Objective: To estimate the population health effects, costs and cost effectiveness of selected cataract surgery interventions in areas of the world with different epidemiological profiles.
Methods: Effectiveness estimates are based on a review of the literature taking into account factors such as operative failure, complications and patient non-compliance. A population model was applied to follow the lifelong impact on individuals having cataract surgery. Costing estimates are based on primary data collected in 14 epidemiological subregions by regional costing teams and on a literature review. Costings were estimated for different geographical coverage levels using non-linear cost functions.
Findings: Intra- and extra-capsular cataract surgeries are cost-effective ways to reduce the impact of cataract-blindness. Extra-capsular cataract surgery is more cost-effective than intra-capsular surgery in all regions considered. Providing extra-capsular cataract surgery to 95% of those who need it (95% coverage level) would avert over 3.5 million disability-adjusted life years (DALYs) per year globally. The cost-effectiveness ranges from 57 International dollars (1 dollar) per DALY in the WHO South-East Asia Region where there is high overall child and adult mortality to 1 dollar 2307 per DALY in the WHO Western Pacific Region where there is low overall child and adult mortality.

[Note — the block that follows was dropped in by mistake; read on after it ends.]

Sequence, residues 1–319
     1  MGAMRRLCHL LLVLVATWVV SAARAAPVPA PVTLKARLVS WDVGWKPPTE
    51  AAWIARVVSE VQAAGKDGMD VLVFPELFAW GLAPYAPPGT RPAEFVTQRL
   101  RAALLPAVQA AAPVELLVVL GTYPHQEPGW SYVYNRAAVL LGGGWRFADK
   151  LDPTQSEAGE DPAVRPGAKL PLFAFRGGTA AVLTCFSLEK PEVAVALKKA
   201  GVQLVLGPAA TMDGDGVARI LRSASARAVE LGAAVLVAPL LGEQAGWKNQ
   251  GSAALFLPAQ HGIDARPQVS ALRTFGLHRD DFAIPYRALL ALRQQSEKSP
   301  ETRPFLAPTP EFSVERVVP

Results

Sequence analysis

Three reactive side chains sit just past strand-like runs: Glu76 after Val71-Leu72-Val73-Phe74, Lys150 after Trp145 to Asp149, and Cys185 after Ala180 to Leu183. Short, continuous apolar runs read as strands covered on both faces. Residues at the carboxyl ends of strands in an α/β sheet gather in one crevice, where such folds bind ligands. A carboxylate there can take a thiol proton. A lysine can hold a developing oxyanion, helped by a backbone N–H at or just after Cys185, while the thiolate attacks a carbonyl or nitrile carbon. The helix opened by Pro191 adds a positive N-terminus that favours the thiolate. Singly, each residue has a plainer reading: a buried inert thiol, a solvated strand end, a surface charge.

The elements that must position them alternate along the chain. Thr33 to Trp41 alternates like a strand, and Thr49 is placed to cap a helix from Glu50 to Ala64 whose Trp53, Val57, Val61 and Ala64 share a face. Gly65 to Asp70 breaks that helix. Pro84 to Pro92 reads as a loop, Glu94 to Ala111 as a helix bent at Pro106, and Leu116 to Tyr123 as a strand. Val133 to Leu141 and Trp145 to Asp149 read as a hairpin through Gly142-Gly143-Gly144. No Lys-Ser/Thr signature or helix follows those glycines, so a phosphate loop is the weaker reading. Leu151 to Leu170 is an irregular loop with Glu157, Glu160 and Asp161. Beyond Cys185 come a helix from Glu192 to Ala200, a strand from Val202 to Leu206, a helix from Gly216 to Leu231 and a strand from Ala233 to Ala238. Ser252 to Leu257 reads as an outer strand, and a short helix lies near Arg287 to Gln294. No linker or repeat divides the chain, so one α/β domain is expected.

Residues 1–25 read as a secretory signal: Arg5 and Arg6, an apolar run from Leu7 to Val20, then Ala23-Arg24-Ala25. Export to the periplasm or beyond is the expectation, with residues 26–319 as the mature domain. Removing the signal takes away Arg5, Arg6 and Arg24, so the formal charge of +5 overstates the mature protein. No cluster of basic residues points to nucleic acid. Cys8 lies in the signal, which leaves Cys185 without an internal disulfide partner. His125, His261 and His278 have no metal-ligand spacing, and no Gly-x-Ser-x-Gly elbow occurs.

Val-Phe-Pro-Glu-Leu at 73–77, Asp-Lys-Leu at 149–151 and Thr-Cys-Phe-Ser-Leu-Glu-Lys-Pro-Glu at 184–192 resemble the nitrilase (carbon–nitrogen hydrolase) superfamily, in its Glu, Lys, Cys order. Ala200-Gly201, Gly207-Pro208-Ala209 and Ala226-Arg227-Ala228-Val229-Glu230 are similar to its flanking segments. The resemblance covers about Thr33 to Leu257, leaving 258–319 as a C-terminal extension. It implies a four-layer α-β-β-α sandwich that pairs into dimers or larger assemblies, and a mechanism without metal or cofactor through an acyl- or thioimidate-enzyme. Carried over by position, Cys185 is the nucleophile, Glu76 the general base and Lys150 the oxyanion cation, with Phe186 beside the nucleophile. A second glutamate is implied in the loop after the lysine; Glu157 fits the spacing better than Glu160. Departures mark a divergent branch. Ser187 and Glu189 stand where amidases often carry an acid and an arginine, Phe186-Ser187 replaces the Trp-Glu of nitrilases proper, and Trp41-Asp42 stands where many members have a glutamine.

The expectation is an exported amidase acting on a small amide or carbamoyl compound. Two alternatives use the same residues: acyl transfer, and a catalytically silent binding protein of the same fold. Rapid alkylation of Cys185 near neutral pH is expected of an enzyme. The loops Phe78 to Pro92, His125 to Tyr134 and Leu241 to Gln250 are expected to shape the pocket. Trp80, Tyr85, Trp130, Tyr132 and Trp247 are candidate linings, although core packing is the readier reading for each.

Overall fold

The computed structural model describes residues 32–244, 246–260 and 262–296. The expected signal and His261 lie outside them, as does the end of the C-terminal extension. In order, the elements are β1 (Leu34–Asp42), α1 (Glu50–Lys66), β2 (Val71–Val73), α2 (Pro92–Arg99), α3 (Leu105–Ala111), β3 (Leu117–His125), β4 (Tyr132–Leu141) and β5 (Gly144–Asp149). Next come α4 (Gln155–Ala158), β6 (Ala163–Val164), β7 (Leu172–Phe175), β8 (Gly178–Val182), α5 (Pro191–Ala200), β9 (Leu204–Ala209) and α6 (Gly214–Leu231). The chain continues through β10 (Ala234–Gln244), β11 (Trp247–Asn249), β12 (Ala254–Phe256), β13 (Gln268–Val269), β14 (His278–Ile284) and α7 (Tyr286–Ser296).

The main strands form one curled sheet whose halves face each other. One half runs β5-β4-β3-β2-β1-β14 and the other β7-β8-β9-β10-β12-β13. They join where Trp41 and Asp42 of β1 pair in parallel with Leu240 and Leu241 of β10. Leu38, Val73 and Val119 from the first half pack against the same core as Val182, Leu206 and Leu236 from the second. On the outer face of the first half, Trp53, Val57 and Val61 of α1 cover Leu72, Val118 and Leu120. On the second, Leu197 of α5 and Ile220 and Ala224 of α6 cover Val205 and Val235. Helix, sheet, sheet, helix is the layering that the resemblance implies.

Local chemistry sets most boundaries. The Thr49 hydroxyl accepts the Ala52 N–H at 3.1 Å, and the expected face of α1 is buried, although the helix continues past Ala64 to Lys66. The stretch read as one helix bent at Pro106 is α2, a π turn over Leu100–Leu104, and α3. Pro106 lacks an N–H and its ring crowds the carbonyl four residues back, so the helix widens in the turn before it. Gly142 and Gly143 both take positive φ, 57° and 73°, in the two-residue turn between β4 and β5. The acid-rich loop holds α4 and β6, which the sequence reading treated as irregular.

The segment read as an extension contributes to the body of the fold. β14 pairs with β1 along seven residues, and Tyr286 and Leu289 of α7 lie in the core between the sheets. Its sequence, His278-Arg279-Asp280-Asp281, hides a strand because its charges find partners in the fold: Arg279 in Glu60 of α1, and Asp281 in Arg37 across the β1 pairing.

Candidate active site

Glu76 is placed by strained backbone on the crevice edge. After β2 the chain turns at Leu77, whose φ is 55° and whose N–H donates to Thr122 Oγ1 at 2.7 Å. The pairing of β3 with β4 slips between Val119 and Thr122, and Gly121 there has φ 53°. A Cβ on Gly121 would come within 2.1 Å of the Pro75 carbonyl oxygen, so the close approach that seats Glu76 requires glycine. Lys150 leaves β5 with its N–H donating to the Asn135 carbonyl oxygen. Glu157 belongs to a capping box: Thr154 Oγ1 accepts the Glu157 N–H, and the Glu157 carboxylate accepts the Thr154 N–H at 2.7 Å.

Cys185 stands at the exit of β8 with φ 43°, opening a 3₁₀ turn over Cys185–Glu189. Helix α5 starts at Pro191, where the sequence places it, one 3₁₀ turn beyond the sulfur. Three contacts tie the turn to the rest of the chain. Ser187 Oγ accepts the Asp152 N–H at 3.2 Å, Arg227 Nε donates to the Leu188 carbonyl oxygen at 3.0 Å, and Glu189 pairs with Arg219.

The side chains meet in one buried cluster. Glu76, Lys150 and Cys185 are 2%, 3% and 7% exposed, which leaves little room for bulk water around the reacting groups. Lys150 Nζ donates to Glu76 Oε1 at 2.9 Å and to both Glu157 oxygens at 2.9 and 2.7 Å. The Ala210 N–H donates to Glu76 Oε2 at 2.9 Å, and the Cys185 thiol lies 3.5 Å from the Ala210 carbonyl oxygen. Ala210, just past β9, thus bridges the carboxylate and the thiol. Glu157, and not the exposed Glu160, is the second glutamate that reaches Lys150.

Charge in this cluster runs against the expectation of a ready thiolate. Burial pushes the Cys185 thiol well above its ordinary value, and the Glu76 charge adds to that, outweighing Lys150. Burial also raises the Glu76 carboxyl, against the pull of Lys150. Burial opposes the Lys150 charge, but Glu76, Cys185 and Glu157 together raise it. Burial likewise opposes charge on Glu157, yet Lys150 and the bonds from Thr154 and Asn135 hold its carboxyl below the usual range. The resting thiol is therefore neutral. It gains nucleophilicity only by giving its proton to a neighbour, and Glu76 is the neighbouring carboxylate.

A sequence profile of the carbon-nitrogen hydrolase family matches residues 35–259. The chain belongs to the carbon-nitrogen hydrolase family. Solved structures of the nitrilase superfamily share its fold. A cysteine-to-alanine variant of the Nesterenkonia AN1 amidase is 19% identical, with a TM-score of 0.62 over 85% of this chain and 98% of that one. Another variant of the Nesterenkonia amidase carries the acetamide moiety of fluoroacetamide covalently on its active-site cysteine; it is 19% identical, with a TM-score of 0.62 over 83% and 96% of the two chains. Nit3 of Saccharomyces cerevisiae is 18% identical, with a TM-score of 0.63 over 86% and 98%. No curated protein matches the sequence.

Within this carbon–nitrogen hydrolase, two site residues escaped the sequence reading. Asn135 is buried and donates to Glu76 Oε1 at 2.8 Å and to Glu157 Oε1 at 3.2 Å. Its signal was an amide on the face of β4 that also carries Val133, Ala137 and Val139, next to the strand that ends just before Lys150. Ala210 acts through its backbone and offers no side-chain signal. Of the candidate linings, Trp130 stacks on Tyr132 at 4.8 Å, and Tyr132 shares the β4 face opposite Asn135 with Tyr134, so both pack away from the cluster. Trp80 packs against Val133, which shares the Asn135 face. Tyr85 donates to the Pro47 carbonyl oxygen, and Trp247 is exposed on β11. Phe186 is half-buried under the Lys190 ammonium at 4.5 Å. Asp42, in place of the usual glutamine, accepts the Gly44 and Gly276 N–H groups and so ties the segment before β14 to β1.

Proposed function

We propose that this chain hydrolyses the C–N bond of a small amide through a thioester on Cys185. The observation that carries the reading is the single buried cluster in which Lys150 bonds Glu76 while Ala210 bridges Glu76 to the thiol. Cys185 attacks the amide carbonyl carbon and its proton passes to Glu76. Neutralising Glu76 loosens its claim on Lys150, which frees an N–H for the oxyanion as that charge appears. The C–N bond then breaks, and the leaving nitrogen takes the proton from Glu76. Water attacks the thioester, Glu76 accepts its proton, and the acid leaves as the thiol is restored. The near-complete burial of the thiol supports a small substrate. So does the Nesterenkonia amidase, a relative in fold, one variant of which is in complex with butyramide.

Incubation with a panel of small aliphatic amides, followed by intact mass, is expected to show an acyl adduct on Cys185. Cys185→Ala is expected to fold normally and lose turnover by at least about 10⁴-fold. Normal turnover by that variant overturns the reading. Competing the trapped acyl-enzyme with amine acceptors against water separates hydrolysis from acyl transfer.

Conclusion: Extra-capsular surgery for cataracts at a high level of coverage is the most cost-effective way of restoring sight in all epidemiological subregions considered. Analysts from countries within a region are encouraged to further contextualize the results based on their own country's specific parameters.